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  • Does my doctor's treatment plan make sense?

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    Old 05-16-2013, 08:34 PM   #1
    Hedgehog25
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    Does my doctor's treatment plan make sense?

    I was diagnosed earlier today with hyperthyroidism (TSH below .006, free T4 high, T3 uptake high), and the diagnosis was made by my family practice physician. He asked me if I would rather be referred to an endocrinologist, but I just kind of shrugged and he said he thought he could get it under control.

    For the next month, he wants me take 20 mg/day of Tapazole. Does this sound like too much? I like to run every day and workout at the gym, so I definitely don't want to be treated to the point that I plunge into a hypOthyroid state. Will Tapazole actually kill my thyroid, or will it just temporarily prevent it from producing thyroid hormone?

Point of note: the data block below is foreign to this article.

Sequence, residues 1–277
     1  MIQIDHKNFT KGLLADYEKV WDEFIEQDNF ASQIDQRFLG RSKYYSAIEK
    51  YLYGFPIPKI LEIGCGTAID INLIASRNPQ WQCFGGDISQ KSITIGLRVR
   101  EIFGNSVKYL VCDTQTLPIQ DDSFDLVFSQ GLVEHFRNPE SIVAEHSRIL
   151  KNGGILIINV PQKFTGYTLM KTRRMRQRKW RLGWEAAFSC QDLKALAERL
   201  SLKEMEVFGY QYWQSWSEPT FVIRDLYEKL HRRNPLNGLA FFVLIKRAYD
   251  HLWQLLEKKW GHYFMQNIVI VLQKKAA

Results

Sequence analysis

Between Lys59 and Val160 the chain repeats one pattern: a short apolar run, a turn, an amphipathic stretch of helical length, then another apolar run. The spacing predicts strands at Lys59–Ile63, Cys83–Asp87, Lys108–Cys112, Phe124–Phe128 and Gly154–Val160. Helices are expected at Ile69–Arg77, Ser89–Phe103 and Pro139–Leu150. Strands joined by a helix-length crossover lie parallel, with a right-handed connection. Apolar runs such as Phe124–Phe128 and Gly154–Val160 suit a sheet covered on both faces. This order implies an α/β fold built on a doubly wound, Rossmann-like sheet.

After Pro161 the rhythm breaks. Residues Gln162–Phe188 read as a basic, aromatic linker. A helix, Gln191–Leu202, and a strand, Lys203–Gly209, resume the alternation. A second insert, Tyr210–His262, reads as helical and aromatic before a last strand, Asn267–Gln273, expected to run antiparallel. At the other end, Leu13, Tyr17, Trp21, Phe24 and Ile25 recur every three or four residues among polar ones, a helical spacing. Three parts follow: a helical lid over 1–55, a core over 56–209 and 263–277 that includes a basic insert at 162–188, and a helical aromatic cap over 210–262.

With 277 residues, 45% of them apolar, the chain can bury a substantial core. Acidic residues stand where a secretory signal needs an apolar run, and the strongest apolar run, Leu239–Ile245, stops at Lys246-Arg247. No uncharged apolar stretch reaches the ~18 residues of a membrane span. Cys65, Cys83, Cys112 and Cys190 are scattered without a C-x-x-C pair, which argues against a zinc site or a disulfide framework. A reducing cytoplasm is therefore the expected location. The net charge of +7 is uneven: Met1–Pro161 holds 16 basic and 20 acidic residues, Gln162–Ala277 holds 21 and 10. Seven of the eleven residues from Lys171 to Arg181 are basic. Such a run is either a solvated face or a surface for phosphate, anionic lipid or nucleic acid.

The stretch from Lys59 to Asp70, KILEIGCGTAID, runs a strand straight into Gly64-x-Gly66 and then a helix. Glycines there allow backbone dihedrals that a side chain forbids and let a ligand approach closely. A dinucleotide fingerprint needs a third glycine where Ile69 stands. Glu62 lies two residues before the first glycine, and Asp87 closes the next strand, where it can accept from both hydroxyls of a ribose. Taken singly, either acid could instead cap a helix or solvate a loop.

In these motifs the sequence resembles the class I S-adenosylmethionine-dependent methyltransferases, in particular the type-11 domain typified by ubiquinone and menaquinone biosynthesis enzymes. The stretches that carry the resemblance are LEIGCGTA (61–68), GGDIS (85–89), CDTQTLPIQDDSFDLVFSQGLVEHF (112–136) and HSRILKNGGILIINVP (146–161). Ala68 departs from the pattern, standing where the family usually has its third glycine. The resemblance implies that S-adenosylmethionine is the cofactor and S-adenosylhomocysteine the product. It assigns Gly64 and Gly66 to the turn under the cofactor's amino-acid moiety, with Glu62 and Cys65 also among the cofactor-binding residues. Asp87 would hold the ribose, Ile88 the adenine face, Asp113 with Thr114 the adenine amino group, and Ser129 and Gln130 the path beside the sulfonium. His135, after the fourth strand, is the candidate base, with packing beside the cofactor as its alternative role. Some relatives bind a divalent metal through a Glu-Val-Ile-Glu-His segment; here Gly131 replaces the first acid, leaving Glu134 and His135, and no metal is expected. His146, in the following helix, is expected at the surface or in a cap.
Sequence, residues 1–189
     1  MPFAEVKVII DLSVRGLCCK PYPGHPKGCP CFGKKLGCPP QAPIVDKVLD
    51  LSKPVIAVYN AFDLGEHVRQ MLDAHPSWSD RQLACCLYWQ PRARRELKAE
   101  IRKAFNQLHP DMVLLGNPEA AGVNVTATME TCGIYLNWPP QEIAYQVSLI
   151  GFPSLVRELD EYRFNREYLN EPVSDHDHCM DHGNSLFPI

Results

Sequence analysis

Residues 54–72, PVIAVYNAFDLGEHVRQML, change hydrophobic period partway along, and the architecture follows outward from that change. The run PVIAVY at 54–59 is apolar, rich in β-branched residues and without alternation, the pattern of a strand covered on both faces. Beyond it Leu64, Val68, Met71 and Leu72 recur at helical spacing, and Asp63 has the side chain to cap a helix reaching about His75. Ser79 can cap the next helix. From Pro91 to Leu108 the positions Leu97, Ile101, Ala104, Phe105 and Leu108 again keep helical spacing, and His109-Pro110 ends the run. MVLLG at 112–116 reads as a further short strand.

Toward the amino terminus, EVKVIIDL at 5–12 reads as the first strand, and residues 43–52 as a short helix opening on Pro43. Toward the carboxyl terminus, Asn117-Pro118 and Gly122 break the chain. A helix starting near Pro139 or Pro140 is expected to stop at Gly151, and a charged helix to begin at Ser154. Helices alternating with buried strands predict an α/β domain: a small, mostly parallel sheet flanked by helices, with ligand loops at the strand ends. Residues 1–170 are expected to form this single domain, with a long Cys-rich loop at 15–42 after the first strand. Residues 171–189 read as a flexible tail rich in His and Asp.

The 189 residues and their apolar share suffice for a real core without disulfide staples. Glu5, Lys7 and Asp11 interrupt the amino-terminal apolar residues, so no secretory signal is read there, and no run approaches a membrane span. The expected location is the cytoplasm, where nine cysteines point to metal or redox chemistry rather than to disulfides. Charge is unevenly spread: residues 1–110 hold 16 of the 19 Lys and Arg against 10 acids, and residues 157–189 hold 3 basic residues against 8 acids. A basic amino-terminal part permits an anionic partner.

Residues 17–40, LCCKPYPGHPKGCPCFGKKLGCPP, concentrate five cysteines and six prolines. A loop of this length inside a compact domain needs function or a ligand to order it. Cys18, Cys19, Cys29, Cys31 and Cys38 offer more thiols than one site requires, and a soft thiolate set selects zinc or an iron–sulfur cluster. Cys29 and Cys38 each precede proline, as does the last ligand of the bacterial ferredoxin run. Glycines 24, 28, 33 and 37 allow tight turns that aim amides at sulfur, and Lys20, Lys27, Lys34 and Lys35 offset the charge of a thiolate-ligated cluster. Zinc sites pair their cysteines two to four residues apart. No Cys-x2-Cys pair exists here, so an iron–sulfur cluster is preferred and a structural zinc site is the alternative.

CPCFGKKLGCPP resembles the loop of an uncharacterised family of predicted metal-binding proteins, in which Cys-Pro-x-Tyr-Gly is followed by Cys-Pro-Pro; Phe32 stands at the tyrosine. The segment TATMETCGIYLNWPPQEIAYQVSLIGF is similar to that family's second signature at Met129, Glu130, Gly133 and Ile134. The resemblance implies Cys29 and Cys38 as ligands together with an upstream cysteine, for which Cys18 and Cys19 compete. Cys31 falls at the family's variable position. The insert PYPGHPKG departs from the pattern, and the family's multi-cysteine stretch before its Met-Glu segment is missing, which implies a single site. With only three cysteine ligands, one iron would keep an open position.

I was surprised that he didn't mention anything about testing for antibodies. When I asked him about it, he said the cause of my hyperthyroidism "really didn't matter" since the treatment plan (at this early stage) would be the same regardless.

    He wrote me an order for a blood test since I wanted to know what was causing this (especially since I am an otherwise healthy 25-year-old male with no family history of thyroid issues), but he wants me to get it done in 3-4 weeks after the Tapazole has had a chance to take effect.

    So what do you guys think? Does my doctor's treatment plan make any sense?

    Also... will the Tapazole completely shut-off thyroid hormone production, or will it just block some of it?

    Thanks...

     
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    Old 05-17-2013, 04:06 PM   #2
    Hedgehog25
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    Re: Does my doctor's treatment plan make sense?

    Just giving this a quick bump - anyone got any opinions/advice?

     
    Old 05-17-2013, 04:56 PM   #3
    midwest1
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    Re: Does my doctor's treatment plan make sense?